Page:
'The Martian': A look at the hopeful messages of recent sci-fi movies

'The Martian' stars Matt Damon as an astronaut stranded on Mars. The film's mostly positive view of humanity echoes themes of recent sci-fi hit films 'Interstellar' and 'Gravity.'

Aidan Monaghan/Twentieth Century Fox/AP
'The Martian' stars Matt Damon.

At the beginning of the film “The Martian,” astronaut Mark Watney (Matt Damon) is injured. His crewmates believe him to be dead and depart Mars, leaving Mark stranded 150 million miles from home.

The circumstances would daunt just about anyone. But early in his predicament, Mark promises himself, “I’m not going to die here.” His wisecracking positive attitude, despite occasional moments of despair, is shared by many other recent science fiction characters at the multiplex.

(Spoilers for the plot of “Martian” follow…) 

In “Martian,” some characters reveal selfish or nationalistic motives at odds with Mark's survival, such as when NASA director Teddy Sanders (Jeff Daniels) thinks of NASA’s public image almost as soon as he hears that Mark is still alive, or when members of the China National Space Administration debate whether or not to help America in their rescue efforts.

But overall, “Martian” is a positive tale of human grit and people helping one another. Mark’s crewmates decide to turn around, adding more time to their mission and countless risks, in order to help bring him home. Members of NASA work tirelessly to get aid to him. Mark himself works through crushing setbacks to figure out how to survive until help can reach him.

The hopeful tone of the film echoes that of other recent science fiction successes at the box office. The 2014 hit movie “Interstellar,” directed by Christopher Nolan of “The Dark Knight Rises,” takes place in a world where struggles in growing food have endangered life on Earth. Protagonist Cooper (Matthew McConaughey) decides to sacrifice time with his family and possibly his life to explore other planets that are possibly habitable. “Interstellar” also ends on a positive note: With the help of her father, Cooper’s daughter Murph (Jessica Chastain as an adult) has a scientific breakthrough that allows people to settle on other planets, ensuring humanity’s survival. 

The power of the human spirit was also a theme in the 2013 hit “Gravity,” which was a box office success and viewed as a frontrunner for Best Picture. In the film, engineer Ryan Stone (Sandra Bullock) becomes stranded in space and, despondent over the recent death of her daughter, considers giving up. An imagined message of encouragement from her colleague Matt Kowalski (George Clooney) gives her the strength to continue, and Ryan ends up making it back to Earth safely.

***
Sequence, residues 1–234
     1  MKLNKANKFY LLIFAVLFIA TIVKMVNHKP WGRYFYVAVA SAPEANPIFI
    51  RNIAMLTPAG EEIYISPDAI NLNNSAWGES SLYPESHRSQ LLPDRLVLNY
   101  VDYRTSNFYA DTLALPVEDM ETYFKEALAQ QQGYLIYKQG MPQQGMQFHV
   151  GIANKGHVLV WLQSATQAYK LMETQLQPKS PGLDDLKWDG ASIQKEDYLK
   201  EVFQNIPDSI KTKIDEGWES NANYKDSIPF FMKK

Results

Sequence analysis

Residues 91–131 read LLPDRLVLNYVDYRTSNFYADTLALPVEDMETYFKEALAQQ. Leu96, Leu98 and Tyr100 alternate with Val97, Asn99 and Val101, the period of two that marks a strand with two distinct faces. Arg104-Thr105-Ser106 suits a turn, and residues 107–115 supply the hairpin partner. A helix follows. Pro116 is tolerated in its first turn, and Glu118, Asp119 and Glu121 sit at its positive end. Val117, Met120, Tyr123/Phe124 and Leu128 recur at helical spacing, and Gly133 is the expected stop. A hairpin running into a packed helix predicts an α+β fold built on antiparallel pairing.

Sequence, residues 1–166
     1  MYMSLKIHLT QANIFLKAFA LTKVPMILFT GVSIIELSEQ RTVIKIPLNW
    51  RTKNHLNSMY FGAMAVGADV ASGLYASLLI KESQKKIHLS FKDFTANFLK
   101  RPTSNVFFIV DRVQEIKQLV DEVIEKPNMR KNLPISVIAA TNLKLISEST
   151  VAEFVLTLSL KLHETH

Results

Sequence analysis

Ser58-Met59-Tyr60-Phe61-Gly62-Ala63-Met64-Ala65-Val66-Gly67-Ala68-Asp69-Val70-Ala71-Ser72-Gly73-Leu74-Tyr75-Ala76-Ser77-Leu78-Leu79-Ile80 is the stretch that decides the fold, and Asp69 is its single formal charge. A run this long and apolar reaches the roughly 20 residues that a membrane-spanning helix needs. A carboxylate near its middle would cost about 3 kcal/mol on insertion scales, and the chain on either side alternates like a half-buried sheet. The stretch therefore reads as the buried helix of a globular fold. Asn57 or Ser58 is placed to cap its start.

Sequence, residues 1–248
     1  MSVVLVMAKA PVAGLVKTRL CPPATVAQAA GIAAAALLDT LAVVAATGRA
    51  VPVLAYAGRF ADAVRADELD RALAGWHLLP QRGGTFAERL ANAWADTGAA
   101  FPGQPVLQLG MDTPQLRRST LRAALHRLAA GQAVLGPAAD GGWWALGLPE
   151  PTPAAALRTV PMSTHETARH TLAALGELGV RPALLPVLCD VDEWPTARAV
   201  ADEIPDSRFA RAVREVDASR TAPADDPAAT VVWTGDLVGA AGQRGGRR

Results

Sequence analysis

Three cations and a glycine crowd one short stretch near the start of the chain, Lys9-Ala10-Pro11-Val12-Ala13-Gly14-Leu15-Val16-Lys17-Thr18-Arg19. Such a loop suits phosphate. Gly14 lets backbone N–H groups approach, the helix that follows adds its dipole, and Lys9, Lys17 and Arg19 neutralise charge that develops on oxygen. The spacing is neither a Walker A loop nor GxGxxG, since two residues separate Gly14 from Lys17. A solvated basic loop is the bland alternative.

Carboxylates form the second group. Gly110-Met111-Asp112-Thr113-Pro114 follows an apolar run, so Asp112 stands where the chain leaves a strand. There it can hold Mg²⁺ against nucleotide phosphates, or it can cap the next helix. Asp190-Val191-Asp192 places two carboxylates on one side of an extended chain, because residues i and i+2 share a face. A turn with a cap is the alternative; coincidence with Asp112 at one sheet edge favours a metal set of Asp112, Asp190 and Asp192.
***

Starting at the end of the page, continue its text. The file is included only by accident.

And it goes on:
Any science fiction fan knows the genre can get fairly dark. The protagonists of these newer movies do have moments of depression or doubt, but all the films have overall positive messages and an ending that's hopeful about the future.

“They give us realistic settings for great moments of heroism,” says Despina Kakoudaki, director of American University’s humanities lab.

Ms. Kakoudaki also notes the presence of “these very positive images of collaboration” in these films, both on a smaller scale – astronauts working together – and on an international one, as in “Martian” when China decides to help the US bring their astronaut home. 

Moments in these films center on “ethics and what we owe each other” as human beings, says Kakoudaki.

You've read  of  free articles. Subscribe to continue.
Real news can be honest, hopeful, credible, constructive.
What is the Monitor difference? Tackling the tough headlines – with humanity. Listening to sources – with respect. Seeing the story that others are missing by reporting what so often gets overlooked: the values that connect us. That’s Monitor reporting – news that changes how you see the world.

Dear Reader,

About a year ago, I happened upon this statement about the Monitor in the Harvard Business Review – under the charming heading of “do things that don’t interest you”:

“Many things that end up” being meaningful, writes social scientist Joseph Grenny, “have come from conference workshops, articles, or online videos that began as a chore and ended with an insight. My work in Kenya, for example, was heavily influenced by a Christian Science Monitor article I had forced myself to read 10 years earlier. Sometimes, we call things ‘boring’ simply because they lie outside the box we are currently in.”

If you were to come up with a punchline to a joke about the Monitor, that would probably be it. We’re seen as being global, fair, insightful, and perhaps a bit too earnest. We’re the bran muffin of journalism.

But you know what? We change lives. And I’m going to argue that we change lives precisely because we force open that too-small box that most human beings think they live in.

The Monitor is a peculiar little publication that’s hard for the world to figure out. We’re run by a church, but we’re not only for church members and we’re not about converting people. We’re known as being fair even as the world becomes as polarized as at any time since the newspaper’s founding in 1908.

We have a mission beyond circulation, we want to bridge divides. We’re about kicking down the door of thought everywhere and saying, “You are bigger and more capable than you realize. And we can prove it.”

If you’re looking for bran muffin journalism, you can subscribe to the Monitor for $15. You’ll get the Monitor Weekly magazine, the Monitor Daily email, and unlimited access to CSMonitor.com.

QR Code to 'The Martian': A look at the hopeful messages of recent sci-fi movies
Read this article in
QR Code to Subscription page
Start your subscription today